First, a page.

Peterborough Libraries organize a nice amnesty to try to recover 22,000 missing books.
The service, which operates 10 libraries across the region, will not fine anyone for returning late books and will clear debt accounts.
Announcing the amnesty, Peterborough Libraries said they were carrying out the amnesty both to get the books back and for users to be encouraged to return to the libraries.
Head of Library Services, Firzana Shaheen, said that “as a result of the pandemic, the number of library users has dropped significantly.”
This was, she said, “partly because people were worried about owing money to the library service.”
“We all know how difficult it was during that time and a lot of people will have forgotten that they even had books on loan from us,” Shaheen added. “In the current climate, we know how much people are struggling and we don’t want to add to that pressure, but we want our customers to come back to us.”
“We don’t want overdue fines preventing people from accessing everything we have to offer,” she added.
Library users who have lost books will also be able to have their fines canceled and their accounts reset. The amnesty will last until mid-November.
Many libraries want people to come back and are also taking extra steps to ensure they are seen as a welcoming space during the cost of living crisis.
The Guardian found that around half of libraries in England and Wales no longer charge daily fines for overdue books borrowed by adults, while a majority of libraries do not charge late fees to children.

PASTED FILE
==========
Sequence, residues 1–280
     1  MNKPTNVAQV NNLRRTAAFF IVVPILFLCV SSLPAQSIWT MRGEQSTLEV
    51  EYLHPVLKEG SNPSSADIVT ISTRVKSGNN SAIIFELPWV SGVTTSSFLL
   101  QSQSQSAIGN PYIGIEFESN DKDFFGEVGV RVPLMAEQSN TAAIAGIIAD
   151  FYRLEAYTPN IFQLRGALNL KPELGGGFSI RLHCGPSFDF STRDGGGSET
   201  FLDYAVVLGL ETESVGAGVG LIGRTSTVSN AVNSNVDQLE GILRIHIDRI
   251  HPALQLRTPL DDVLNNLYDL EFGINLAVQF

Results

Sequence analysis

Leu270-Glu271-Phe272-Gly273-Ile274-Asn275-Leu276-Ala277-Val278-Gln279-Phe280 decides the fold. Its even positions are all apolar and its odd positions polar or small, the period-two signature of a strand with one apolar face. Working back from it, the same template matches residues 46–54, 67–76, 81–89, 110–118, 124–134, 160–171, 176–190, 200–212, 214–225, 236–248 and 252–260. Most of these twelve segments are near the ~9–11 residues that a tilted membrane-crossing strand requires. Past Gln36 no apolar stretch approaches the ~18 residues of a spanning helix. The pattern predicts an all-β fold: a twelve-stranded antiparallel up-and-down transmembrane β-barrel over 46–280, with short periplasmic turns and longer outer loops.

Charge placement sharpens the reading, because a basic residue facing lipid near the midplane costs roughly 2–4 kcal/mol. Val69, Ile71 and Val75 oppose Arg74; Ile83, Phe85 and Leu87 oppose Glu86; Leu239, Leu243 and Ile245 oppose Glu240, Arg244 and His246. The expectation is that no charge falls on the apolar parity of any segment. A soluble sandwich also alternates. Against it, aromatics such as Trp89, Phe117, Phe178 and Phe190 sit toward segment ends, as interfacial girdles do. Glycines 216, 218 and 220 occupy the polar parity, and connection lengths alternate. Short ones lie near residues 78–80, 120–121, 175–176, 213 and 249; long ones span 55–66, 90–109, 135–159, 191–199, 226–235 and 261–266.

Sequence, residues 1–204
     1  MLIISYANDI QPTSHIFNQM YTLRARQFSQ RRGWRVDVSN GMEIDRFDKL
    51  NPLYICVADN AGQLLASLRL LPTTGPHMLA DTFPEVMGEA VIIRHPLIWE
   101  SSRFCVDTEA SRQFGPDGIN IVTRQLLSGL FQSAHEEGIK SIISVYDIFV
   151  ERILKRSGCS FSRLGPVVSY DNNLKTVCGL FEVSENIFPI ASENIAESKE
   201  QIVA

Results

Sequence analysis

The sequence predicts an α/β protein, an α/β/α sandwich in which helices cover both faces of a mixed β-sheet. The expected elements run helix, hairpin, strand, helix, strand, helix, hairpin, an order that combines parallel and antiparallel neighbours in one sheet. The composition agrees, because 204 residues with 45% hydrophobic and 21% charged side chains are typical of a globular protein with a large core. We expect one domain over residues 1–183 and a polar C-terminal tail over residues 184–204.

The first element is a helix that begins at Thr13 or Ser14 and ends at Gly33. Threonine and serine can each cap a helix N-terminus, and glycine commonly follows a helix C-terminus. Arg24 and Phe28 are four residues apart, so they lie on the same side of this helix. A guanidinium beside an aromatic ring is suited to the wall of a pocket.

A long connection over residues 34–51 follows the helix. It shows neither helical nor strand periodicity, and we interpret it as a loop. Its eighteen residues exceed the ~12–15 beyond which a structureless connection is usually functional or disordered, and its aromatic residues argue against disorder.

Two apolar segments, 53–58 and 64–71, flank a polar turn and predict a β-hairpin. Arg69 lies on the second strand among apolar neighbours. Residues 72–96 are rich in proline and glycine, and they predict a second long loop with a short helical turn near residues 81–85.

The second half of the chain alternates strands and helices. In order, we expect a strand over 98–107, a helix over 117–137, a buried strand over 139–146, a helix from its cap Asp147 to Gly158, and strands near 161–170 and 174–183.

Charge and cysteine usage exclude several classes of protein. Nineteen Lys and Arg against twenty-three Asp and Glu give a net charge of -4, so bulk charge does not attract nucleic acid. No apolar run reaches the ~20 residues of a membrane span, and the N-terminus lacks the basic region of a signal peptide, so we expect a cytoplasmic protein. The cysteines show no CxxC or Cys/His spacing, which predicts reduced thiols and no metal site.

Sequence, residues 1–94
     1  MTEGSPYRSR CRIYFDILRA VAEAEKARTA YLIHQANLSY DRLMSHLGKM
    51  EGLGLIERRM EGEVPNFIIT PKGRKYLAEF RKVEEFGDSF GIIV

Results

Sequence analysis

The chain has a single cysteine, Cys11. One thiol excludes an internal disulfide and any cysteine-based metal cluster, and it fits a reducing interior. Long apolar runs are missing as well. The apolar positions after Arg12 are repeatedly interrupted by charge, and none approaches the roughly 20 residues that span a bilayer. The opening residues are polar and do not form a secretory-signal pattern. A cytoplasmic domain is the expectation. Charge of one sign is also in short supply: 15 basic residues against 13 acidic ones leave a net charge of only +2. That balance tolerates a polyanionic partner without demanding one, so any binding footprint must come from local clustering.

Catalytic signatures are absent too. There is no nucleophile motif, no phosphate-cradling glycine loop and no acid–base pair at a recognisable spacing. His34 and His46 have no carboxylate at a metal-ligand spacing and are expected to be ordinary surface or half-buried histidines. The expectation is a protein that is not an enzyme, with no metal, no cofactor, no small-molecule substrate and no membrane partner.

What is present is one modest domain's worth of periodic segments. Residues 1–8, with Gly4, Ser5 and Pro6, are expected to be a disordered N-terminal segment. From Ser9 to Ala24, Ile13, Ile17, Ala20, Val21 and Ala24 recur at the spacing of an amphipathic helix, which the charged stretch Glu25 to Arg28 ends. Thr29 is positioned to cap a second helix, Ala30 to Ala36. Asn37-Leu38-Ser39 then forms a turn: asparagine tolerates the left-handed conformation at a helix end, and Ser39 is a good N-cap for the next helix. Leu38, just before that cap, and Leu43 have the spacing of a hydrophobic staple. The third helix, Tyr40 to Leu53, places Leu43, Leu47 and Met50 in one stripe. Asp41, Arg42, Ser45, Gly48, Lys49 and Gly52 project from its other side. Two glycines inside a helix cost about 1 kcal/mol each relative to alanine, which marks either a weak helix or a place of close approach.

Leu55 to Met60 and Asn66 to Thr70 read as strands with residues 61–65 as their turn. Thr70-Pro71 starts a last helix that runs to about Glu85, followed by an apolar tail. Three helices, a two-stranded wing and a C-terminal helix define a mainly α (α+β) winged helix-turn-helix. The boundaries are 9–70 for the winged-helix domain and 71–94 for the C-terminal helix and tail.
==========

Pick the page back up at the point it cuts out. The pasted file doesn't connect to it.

Beyond amnesties, councils still charge adults if they lose pounds or damage them beyond use. However, some libraries have discretionary measures that take into account people’s circumstances, as well as the age of the book and why any damage may have occurred.
Libraries are also set to set themselves up as ‘hot banks’ or ‘warm spaces’, providing space to hang out this winter as electricity prices rise and the cost of living crisis unfolds. installed.
Of the libraries designated as warm spaces, 65 are operated by the charitable non-profit social enterprise GLL. Free tea, coffee and biscuits are also offered to libraries by the catering company Brakes. Spaces are open to library members and non-members, and staff are trained to offer “guidance” advice on relevant utility and cost-of-living grants.
Diana Edmonds, Director of Libraries at GLL, said: “We know that this winter many people will struggle to be able to heat their homes and we want to help. Libraries are perfectly suited to serve as welcoming spaces because they are at the heart of the community. They are welcoming environments, easily accessible, often located in the city center and already offering a wide range of free services and amenities.